Fortress Investment Group closed the purchase of the €1bn Project Vermeer from Morgan Stanley on Friday, CoStar News understands, comprising a 64-strong secondary quality Continental office portfolio which has suffered rising vacancy rates in the last five years.
Fordgate Group, the property company which manages the global real estate assets of the Gertner family, acquired 53 Dutch properties and refinanced 12 already-owned properties, in a portfolio known as Project Vermeer, with a seven-year €1.05bn whole loan by Morgan Stanley on 29 May 2007.
Fortress has appointed Spring Real Estate, an Amsterdam-based commercial real estate asset manager, to manage the business plan for the Project Vermeer portfolio.
Morgan Stanley’s whole loan, secured by the 65-strong portfolio, was comprised of €695m senior loan – securitised in Morgan Stanley’s Xuthus (European Loan Conduit No. 29) CMBS in February 2008 – and a €354.11m B-Loan.
While the discount at which Fortress acquired the Project Vermeer loan is not known, CoStar News understands that the unpaid circa €334m B-Loan is out-of-the-money.
Value is thought to break considerably in the former three-class waterfall, given the spike in vacancies from 15.8% in May 2007 to 40.95% by the November 2012 IPD – the last available quarterly investor note before Morgan Stanley collapsed the Xuthus ELoC 29 CMBS structure.
Project Vermeer comprised 36 Dutch properties, 12 Belgium assets, 10 German assets and 7 Swiss assets valued at €1.2bn by Colliers CRE and Savills in May 2007, reflecting a whole loan LTV of 87.5% at funding.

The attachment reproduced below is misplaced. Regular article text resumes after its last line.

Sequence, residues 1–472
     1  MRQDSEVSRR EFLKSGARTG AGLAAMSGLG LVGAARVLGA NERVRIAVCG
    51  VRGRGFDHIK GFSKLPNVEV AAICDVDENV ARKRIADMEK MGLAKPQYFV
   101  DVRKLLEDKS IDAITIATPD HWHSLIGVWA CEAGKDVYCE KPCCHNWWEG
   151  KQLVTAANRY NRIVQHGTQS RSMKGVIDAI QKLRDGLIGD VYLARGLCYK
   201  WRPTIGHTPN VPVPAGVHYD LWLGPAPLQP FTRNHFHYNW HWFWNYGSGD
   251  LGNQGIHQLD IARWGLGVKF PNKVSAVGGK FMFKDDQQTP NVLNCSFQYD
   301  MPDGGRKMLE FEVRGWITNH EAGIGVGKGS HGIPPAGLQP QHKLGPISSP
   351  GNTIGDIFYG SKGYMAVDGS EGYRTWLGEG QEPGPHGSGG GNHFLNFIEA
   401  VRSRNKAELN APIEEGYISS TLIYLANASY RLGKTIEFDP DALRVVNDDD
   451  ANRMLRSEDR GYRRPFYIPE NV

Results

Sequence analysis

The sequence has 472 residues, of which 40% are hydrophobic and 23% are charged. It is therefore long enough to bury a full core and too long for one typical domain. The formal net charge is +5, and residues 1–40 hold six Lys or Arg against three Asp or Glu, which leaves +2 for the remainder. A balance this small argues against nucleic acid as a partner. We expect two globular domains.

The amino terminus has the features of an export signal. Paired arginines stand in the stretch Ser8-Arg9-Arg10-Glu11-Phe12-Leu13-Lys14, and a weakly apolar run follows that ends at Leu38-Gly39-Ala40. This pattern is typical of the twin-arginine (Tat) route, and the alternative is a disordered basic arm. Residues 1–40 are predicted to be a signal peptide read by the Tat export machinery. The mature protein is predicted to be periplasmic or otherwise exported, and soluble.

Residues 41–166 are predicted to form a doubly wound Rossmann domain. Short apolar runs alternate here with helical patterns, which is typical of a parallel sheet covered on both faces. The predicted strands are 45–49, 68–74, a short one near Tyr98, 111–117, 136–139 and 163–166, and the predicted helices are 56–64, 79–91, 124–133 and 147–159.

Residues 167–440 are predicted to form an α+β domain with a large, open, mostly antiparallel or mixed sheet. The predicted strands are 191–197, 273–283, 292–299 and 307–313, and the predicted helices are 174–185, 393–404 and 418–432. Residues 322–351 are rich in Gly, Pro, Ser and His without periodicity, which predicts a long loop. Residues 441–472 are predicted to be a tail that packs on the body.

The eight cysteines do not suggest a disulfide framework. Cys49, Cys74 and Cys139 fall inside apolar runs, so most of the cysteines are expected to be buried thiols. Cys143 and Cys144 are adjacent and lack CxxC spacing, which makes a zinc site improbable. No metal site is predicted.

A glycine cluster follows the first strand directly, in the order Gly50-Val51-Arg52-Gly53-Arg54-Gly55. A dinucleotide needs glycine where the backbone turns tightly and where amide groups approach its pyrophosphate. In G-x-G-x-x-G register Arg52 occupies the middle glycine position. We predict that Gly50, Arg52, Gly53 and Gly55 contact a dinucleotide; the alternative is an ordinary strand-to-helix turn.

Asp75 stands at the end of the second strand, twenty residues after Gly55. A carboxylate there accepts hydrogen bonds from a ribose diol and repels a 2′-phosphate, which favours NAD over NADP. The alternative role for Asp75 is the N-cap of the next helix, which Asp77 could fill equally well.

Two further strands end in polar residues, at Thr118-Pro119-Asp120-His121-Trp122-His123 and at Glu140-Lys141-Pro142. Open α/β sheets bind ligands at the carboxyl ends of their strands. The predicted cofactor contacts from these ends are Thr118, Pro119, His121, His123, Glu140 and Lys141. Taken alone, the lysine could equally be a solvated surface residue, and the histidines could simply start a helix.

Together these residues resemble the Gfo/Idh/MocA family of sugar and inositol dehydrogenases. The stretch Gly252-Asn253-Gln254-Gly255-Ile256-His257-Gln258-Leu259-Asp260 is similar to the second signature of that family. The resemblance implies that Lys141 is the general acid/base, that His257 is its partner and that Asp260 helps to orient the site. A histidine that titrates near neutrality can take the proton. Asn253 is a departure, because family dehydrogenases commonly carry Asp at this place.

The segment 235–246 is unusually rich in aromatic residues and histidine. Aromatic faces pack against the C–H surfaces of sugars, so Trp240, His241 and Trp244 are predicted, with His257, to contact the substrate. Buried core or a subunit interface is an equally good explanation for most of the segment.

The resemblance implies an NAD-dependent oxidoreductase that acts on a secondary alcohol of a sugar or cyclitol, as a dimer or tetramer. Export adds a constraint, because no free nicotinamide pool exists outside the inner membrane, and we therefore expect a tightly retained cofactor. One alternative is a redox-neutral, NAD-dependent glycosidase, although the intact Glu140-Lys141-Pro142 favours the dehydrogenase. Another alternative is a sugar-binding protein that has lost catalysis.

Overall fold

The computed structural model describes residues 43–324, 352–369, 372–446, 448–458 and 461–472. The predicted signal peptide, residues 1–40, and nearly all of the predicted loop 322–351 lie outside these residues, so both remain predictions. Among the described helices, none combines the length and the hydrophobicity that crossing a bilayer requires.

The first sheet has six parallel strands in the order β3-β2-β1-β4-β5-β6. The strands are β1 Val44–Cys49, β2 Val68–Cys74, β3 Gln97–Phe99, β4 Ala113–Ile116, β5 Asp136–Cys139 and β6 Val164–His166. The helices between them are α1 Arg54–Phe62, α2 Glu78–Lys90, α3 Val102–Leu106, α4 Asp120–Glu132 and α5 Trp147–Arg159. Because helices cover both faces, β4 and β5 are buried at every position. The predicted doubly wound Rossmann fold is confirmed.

The 65-strong portfolio comprised 224 tenants, with an initial gross rental income of €73.7m, including rental guarantees. In the intervening years, one asset has been sold.
Project Vermeer portfolio’s vacancy rate was originally 15.8% in May 2007, excluding the cash rental guarantee from the vendor, which spiked to 40.95% by the November 2012 interest payment date (IPD), while annual rental income had fallen substantially to €51.7m inclusive of the run-off in vendor guarantees.
Last June, Morgan Stanley – which is understood to have retained a large proportion of the CMBS notes as well as the €354.11m B-Loan given the evaporation of liquidity at the time – collapsed the Xuthus (ELoC No. 29) CMBS structure, converting noteholders into loan participation.
Lone Star and BlackRock were understood to be among the CMBS noteholders before the conversion to loan participation.
Fitch Ratings, in a note issued last June, suggested Morgan Stanley’s motives for collapsing the CMBS structure was “to offer greater flexibility to creditors in negotiating with the borrower”.
Indeed, this allowed for Morgan Stanley to conduct its negotiations with potential buyers of Project Vermeer without public voting disclosures for noteholders.
All parties declined to comment.